New to Ham radio and DX........

Discussion in 'The DX Zone' started by KE9RJM, Apr 30, 2018.

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  1. G3YRO

    G3YRO Ham Member QRZ Page

    Yes, as others have mentioned, it's mainly down to your operating skill. (that's why many of us don't see the point of these computer-based modes, as you're not using your own skills, nor improving them by experience)

    In the "old days", most people were LISTENERS for years before they eventually got their Licence (especially here in Britain, as for decades there were no introductory licence grades). That meant you learnt good operating skills, and which bands were open to what kinds of distances at different times of the day and year.

    Your antenna is the most important thing. And don't be obsessed by NEW equipment - many 40 (or even 50) year old rigs are just as good performers. And the biggest problem with receiving these days is local noise from bad power supplies in equipment or chargers - first step is to switch everything off in your own house and discover if any piece of equipment is giving you noise.

    The one thing others haven't mentioned is the band effect . . . what has always mattered to me is working stations a long way away that is GOOD for a particular band. So working stations all around the world on 20m or 15m is pretty easy . . . but try doing it on 40m ! Or 80m . . . . working a station a thousand miles away on 80m is probably as hard as working a station 5,000 miles away on 20m.

    That's why my main interest has always beem 160m . . . although I regularly work dozens of stations across the pond (or further), each QSO still gives me a buzz! It's kept me interested in the hobby for nearly 50 years.

    Good luck!

    Roger G3YRO
     
    US7IGN likes this.
  2. KE9RJM

    KE9RJM Ham Member QRZ Page

     
  3. AA6YQ

    AA6YQ XML Subscriber QRZ Page

    This thread illustrates an unfortunate attitude subconsciously held by some ops: technologies that I used until I reached ~35 years of age are "standard" and should be used by everyone, but technologies that arrived after that point in time will ruin the hobby.

    Every new technology since tube-based spark-gap transmitters and cat-whisker receivers - CW, superheterodynes, AM, SSB, transistors, integrated circuits, panoramic reception, software-defined radios, JT65, and now FT8 - has prompted concerns that making things easier would ultimately kill amateur radio. None have, and none will.

    One of the justifications cited by governments for granting the exclusive use of electromagnetic spectrum segments to amateur radio operations is to encourage continued advancement of the state of the art in radio communications. As radio amateurs, we're expected to develop, embrace, and refine new technologies, not whine about them.


    Dave, AA6YQ
     
    K2CQW, K2MOB and AC0GT like this.
  4. K4HX

    K4HX Ham Member QRZ Page

  5. N6RGR

    N6RGR Ham Member QRZ Page

    Bob:

    Welcome to the thrill of DX. I occasionally use DX Summit to see who is on and where they are from. Earlier this year I noticed KC4AAA (Antarctica)operating, so I ran downstairs to the shack and after a few tries had a QSO. I was lucky and caught him before a giant pile-up. Sometimes using a spotting network allows you to catch a DX station early. Most of the time you will end up hearing a massive pile-up with everyone calling over each other. My recommendation - avoid - joining the pileup!! Sometimes listening you might hear a lull and you can jump in with your call sign and get the QSO. Sometimes you may have to wait towards the end of the DXexpeditions run and catch them before packing. It seems every ham in the world tries at the beginning, trying to grab the DX station. As you have heard and will hear again "listening is the key". I would also recommend reading and following the DX Code of Conduct. You will find that not many operators seem to follow the code, but it is good operating procedure.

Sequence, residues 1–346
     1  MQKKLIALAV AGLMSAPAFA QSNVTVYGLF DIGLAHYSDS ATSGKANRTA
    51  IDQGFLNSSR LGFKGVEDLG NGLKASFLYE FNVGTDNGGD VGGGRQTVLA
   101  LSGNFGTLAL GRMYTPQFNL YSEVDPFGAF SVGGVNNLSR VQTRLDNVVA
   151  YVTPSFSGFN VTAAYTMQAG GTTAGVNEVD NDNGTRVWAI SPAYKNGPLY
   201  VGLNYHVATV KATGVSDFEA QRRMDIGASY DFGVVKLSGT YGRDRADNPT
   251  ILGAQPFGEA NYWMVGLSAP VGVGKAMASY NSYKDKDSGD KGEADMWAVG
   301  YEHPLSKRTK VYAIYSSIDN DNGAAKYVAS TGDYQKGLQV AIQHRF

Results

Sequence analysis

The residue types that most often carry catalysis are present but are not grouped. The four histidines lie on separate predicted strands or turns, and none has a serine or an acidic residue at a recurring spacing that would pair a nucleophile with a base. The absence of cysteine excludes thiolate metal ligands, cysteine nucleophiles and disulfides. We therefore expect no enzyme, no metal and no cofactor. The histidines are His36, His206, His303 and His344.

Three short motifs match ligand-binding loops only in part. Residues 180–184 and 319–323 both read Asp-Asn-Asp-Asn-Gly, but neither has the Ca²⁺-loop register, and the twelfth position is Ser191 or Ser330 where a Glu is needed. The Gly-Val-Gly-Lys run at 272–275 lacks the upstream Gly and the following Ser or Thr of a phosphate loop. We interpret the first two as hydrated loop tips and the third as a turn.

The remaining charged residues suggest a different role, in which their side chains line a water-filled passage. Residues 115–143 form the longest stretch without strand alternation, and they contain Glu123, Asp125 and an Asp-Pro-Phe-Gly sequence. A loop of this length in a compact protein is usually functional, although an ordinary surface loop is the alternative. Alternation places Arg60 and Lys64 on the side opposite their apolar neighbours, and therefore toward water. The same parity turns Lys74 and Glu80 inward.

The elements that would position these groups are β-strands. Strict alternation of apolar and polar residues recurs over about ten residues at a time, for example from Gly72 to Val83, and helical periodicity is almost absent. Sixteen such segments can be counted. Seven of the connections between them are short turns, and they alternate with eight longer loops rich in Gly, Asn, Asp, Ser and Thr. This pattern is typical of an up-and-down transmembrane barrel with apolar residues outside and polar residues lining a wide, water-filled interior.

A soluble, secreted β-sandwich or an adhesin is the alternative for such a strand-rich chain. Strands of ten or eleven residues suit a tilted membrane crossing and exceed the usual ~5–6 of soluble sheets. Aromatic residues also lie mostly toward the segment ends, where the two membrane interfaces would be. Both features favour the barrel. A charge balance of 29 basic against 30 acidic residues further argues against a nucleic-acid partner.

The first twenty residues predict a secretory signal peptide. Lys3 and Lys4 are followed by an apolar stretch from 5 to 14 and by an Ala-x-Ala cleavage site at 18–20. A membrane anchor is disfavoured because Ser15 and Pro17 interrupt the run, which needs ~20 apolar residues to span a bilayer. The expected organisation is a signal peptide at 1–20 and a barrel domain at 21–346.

Enjoy and try and study to upgrade to Extra!

    Roger N6RGR
     
  6. K4LRX

    K4LRX Subscriber QRZ Page

    Music to my ears would be a contact with P5, that would wrap them all up for me... Not giving up, it may happen?
     
  7. KE9RJM

    KE9RJM Ham Member QRZ Page

    Again, thanks to all for the responses and advice...even if we may now become "competitors" in the pile-ups!! :cool:

    Bob
     
  8. AC0GT

    AC0GT Ham Member QRZ Page

    Go look up Michael Malice, he's done some interviews lately on North Korea and he believes that North Korea will fall within 5 years. He's about the only person in the world that seems to have any idea on how North Korea "works" and has written some books on it. I haven't read his books but I've seen a number of his interviews on YouTube and they are fascinating.

    But then if North Korea falls then it's unlikely that anyone would even want a P5 call sign. They'd want a free and unified Korea.
     
  9. K4LRX

    K4LRX Subscriber QRZ Page

    Little History, before Korea divided it self, there were some hams active in the North, they used the HM prefix and I have several qsl cards that have HM prefix on them, the rest of the country used HL. I worked the real estate, but it was prior to P5 becoming a separate entity. Darn... Oh well, we keep trying and now we are on the verge of changing things again and perhaps we do not have to worry about it
     
  10. K7MH

    K7MH Ham Member QRZ Page

    P5 would most likely then be a deleted entity.
    If they could see that coming, it would be cool to get in some last minute time with a DXpedition. It would be fun to work it even if you knew it was soon going to be dropped from the current DXCC list. Not likely to happen that way though.
     

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